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Weblogic Thread Monitoring Tips

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Weblogic Thread Monitoring Tips

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If you are working as a middleware administrator or application support individual, you may have realized by now how crucial it is to have proper knowledge of the JVM along with a good understanding of the Java concurrency principles (yes you have to learn  how to analyze thread dumps).


There is one principle I’m sure about: it is never too late to improve our knowledge and troubleshooting skills. Reaching a skill “plateau” is quite common and typically not due to our ability to learn but because of our fear and lack of willingness to embrace the challenges.


One of such challenges is possibly your ability to understand and assess the health of the JVM &  middleware threads of the Java EE container you are responsible for such as Oracle Weblogic Server. If this is your situation then this post is for you.


Question:

How can you  monitor the JVM threads in an efficient manner using the Weblogic admin console? Also, please elaborate how you can differentiate between healthy threads vs. slow running threads. Finally, what other tools can help you achieve this task?


Answer:

Please note that Weblogic Server 10.3.5 was used for the following example.

Oracle Weblogic Server is always installed with an admin console that provides you with out-of-the-box monitoring functions of the various Java EE resources exposed via the JMX API. Weblogic threads (created and assigned by the WLS kernel to the default self-tuning thread pool) are also fully exposed.


This monitoring page allows you to:
  • Monitor the full list of all Java threads under Weblogic control.
  • Correlate any slow running thread with your application, request and assigned Work Manager, if any.
  • Generate a JVM Thread Dump of the Weblogic managed server directly from the page via the Dump Thread Stacks button.

Thread states - summary view

This section provides a summary of all different Weblogic  threads and states.


Thread states - detailed view

The detailed view is much more interesting. This is where you will be spending most of your analysis time. Make sure that you add all proper columns including the associated Work Manager, application name etc.



The live Weblogic thread monitoring analysis process I usually follow is as per below. This approach is very useful for production environments when you are trying to determine the source of a performance slowdown or just to give you an idea of the health of the Weblogic threads.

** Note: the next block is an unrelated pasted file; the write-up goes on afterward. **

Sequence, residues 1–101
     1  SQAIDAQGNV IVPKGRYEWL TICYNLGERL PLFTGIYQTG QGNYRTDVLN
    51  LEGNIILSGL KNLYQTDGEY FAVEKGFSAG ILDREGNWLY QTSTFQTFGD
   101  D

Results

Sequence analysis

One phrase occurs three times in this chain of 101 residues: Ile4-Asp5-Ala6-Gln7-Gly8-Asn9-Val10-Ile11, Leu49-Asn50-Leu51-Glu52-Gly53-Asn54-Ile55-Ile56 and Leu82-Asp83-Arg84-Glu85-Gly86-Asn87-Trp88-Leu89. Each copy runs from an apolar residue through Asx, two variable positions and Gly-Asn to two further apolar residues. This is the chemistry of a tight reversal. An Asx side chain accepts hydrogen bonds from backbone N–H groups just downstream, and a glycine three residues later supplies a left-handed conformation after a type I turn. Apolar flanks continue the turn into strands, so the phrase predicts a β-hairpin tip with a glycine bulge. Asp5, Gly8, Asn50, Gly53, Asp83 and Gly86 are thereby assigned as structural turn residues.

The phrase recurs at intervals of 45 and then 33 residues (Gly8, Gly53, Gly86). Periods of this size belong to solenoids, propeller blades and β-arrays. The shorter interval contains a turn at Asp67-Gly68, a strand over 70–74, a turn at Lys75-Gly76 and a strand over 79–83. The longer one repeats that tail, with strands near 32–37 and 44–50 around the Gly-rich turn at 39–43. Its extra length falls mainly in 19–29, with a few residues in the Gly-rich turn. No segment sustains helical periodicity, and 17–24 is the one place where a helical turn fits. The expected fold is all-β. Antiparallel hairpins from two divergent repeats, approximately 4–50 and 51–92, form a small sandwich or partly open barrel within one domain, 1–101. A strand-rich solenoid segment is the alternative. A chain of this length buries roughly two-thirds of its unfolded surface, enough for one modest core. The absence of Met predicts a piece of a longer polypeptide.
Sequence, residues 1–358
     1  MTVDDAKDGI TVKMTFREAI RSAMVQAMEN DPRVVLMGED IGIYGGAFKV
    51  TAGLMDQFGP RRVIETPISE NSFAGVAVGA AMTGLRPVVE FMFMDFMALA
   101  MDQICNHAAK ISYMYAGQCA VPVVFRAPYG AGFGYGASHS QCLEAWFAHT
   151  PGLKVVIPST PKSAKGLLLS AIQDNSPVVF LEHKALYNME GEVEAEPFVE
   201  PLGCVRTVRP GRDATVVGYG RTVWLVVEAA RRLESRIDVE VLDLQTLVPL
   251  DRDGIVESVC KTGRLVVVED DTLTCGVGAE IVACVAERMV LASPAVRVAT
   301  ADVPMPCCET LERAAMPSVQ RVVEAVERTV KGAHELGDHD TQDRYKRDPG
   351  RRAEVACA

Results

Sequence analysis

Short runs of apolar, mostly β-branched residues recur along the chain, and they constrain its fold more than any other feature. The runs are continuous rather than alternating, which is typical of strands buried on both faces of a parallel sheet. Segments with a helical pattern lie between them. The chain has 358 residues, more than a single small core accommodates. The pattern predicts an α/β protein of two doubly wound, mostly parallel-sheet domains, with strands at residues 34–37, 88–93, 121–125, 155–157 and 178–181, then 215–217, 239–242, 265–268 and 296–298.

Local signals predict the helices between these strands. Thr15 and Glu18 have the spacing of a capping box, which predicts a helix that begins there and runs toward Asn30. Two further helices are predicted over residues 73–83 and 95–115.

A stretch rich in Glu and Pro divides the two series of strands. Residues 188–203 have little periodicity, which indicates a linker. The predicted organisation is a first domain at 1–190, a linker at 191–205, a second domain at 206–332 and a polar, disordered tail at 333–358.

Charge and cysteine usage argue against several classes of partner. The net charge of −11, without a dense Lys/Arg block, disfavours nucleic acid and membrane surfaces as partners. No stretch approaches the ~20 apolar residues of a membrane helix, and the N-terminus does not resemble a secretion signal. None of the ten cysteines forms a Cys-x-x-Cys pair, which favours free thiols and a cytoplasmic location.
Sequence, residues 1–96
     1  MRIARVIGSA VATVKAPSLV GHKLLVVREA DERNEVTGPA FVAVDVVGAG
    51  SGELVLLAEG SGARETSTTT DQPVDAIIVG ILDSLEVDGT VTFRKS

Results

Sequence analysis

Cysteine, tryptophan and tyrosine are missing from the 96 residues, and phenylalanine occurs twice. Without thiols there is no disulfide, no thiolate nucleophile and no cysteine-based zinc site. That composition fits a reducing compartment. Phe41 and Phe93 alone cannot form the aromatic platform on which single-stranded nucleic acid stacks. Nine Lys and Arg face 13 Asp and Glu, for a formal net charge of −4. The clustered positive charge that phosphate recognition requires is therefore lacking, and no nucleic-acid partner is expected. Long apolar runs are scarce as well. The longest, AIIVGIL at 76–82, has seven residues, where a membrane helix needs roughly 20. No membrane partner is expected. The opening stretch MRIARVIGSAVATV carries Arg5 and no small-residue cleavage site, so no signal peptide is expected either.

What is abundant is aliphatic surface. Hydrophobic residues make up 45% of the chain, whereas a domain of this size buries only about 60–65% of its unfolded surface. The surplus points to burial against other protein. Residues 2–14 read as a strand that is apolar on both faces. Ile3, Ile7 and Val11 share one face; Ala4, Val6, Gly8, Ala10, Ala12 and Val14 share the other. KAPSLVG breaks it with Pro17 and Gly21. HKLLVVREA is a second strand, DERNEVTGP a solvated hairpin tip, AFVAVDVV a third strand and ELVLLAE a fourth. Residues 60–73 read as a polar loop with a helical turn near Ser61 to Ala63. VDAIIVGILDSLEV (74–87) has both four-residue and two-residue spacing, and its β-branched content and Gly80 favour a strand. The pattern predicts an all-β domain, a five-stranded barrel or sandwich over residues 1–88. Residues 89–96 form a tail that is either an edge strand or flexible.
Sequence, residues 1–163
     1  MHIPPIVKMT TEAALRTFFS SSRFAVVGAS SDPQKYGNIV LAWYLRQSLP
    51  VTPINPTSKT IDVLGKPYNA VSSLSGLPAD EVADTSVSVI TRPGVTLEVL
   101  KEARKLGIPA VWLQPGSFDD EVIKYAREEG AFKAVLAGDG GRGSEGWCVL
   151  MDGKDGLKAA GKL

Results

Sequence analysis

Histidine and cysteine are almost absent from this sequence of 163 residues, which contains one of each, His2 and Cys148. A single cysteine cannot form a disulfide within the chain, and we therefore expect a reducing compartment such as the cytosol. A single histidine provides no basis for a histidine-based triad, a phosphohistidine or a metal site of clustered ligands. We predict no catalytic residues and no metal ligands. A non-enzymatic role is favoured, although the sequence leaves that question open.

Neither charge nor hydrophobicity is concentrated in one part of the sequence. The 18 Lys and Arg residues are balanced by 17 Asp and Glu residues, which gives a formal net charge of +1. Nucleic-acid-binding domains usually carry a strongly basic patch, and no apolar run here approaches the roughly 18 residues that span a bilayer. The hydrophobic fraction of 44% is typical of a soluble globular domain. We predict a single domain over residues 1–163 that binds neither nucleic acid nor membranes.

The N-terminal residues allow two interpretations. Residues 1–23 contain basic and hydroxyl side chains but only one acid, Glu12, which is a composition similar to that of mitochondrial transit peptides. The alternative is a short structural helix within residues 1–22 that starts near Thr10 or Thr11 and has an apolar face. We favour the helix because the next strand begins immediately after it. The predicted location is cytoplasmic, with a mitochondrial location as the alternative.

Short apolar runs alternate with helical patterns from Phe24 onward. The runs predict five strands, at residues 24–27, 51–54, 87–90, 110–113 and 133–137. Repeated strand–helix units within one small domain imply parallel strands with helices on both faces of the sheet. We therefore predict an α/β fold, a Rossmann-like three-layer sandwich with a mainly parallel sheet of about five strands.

• Refresh the page every 3-5 seconds.
  • In between the refresh actions, identify the threads that are still executing the same request (slow running threads). This can be determined if you see the same Weblogic thread “Name” executing the same “Current Request” with the same “Total requests” value. Other criteria’s would be if Weblogic “promote” the affected thread(s) to Hogger or STUCK.
  • Continue until you are done with your monitoring activity.
  • As soon as one or a few slow running threads are found, identify the affected request(s) and application(s).
  • Immediately after, generate a JVM Thread Dump using the Dump Thread Stacks button and copy/paste the output to a text editor for live or future analysis.






I also recommend that you use other tools to monitor the JVM and threads such as JVisualVM. JVisualVM will give a full view of all the threads, including GC related threads. It will also allow you to monitor the Java heap and correlate any finding with the health of the activity of the garbage collector.

Finally, if you suspect that you are dealing with a deeper thread concurrency problem such as thread lock contention or  Java-level deadlock, you will need to generate a native thread dump (JVisualVM, kill -3 PID, jstack etc.) which will allow you to review the different monitor locks and  locked ownable synchronizers.

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Published at DZone with permission of Pierre - Hugues Charbonneau, DZone MVB. See the original article here.

Opinions expressed by DZone contributors are their own.

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